A couple of months ago, I did a post about the post-trial motions in the first trial arising out of alleged defects in Wright Medical Technology’s hip implant device. On April 5, the district court resolved the motions, rejecting all of Wright’s arguments for judgment as a matter of law or a new trial, but dramatically reducing the punitive damages from $10 million to $1.1 million.

The plaintiff in this case received a Wright hip implant and, after experiencing what the district court characterized as “a cataclysmic failure,” had to have it removed and replaced. She alleged that Wright’s hip implant was defectively designed and that Wright committed fraud and made negligent misrepresentations in marketing the device to surgeons. Although the procedural history is complicated, the bottom line is that the jury found Wright liable for design defect and awarded the plaintiff $550,000 in compensatory damages; it also found that Wright made negligent misrepresentations about the virtues of its device, for which it awarded the plaintiff an additional $450,000 in compensatory damages, plus $10 million in punitive damages.

I won’t burden you with a rehash of the district court’s rulings on issues not directly related to punitive damages. The key rulings on punitive damages are that (i) under Utah law, which governs the claims in this case, punitive damages may be imposed for a negligent misrepresentation made with reckless disregard for the rights of others; and (ii) the $10 million punitive award was unconstitutionally excessive.

With respect to excessiveness, the district court made a few significant subsidiary rulings.

First, the court implicitly recognized that the five reprehensibility factors identified in State Farm are not exclusive by emphasizing that “one of the driving motivations for the [defendant’s] hip replacement device design was to improve the quality of life for active patients” and that “[t]his laudable objective and motivation is a significant factor in evaluating the degree of punitive damages awarded in this case.”

Second, the court tacitly embraced the position we have advanced—and that the Tenth Circuit recently expressly adopted—that courts reviewing the amount of punitive damages may not defer to “phantom” fact findings and should not simply accept whatever inferences the plaintiff urges that the evidence can support. Undertaking its own review of the evidence, the court explained that “Plaintiff’s argument that Defendant’s only motive in advocating for and marketing the device was to increase profits * * * ignores the evidence presented at trial that Defendant’s goal of offering a better device, with more dependable functionality and durability, was a substantial motivation to bring the device to market.”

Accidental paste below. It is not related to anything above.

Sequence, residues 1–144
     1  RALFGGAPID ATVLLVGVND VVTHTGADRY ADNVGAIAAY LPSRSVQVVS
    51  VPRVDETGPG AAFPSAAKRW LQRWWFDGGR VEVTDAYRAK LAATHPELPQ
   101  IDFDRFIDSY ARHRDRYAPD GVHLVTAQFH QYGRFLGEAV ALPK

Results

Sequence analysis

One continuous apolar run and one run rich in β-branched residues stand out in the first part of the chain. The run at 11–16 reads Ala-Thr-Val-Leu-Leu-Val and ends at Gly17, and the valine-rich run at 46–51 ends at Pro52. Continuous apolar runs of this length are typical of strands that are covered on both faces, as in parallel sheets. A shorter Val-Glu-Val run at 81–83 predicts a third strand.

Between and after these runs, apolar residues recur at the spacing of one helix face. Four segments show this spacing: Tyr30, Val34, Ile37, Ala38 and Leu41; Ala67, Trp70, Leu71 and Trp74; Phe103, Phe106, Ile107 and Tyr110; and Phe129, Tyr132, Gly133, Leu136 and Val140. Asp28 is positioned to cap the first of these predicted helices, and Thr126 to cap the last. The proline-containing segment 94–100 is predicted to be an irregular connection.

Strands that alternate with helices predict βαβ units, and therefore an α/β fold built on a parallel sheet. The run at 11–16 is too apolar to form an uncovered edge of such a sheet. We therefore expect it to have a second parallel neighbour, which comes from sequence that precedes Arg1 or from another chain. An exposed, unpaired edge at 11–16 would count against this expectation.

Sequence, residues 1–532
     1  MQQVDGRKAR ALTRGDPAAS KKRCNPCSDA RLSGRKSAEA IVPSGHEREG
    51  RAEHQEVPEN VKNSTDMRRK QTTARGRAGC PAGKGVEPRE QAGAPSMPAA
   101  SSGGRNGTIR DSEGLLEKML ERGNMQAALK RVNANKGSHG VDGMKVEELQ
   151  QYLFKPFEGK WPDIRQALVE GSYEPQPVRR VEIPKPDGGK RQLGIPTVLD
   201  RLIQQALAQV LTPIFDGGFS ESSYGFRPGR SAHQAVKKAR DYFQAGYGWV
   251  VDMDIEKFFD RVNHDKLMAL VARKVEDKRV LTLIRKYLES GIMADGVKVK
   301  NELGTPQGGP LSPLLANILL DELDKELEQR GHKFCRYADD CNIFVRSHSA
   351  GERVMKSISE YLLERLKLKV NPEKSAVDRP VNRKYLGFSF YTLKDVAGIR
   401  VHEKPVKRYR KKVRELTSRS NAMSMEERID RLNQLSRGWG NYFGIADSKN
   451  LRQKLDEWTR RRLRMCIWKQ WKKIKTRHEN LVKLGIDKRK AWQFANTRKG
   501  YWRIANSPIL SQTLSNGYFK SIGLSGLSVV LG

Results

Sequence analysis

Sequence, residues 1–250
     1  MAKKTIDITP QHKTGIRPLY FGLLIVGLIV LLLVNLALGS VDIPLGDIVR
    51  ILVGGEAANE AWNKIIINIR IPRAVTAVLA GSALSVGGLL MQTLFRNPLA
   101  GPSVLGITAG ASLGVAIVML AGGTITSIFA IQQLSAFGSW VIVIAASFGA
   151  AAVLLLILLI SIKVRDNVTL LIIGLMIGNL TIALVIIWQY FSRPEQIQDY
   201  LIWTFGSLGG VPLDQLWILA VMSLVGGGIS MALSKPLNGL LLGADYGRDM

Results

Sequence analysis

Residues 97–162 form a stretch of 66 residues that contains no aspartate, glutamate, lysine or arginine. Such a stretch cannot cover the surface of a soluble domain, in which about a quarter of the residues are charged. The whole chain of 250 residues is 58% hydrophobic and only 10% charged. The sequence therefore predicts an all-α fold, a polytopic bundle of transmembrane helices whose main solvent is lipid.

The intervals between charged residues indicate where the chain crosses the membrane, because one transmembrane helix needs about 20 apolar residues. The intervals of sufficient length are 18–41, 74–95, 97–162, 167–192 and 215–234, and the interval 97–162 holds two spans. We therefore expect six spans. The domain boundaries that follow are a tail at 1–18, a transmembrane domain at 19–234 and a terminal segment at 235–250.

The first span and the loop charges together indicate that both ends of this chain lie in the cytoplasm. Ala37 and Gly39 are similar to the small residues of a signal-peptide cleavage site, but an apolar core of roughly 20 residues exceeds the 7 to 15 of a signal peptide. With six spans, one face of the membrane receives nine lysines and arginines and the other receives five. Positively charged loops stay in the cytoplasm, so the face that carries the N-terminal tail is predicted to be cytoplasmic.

Third, the court held that the denominator of the ratio of punitive to compensatory damages is limited to the compensatory damages awarded for the claim as to which punitive damages were imposed—$450,000—not the total compensatory damages—$1 million, $550,000 of which were awarded for a design-defect claim that could not support an award of punitive damages.

Fourth, the court held that because the plaintiff suffered only $40,000 in economic damages “with the remaining amount of compensatory damages attributable to intangible, subjective, non-economic damages for pain and suffering and loss of life’s enjoyments,” the compensatory damages qualify as “substantial” for purposes of evaluating the 22:1 ratio of punitive to compensatory damages.

Fifth, importing Utah common-law limits on punitive damages into the constitutional inquiry, the court held that the factors identified by the Utah Supreme Court indicate that a ratio greater than 3:1 “is not justified in this case.” In particular, the court emphasized that “[t]he facts and circumstances of this case show [that] there was an acceptable and commendable motivation for Defendant’s liability-creating conduct.”

Finally, the court concluded that a punitive award of $1.1 million “is reasonable and proportionate to the amount of harm to the plaintiff and to the general damages recovered.” (Internal quotation marks omitted.) The court offered no explanation for its choice of this figure, which is 2.44 times the compensatory damages awarded for the negligent misrepresentation claim.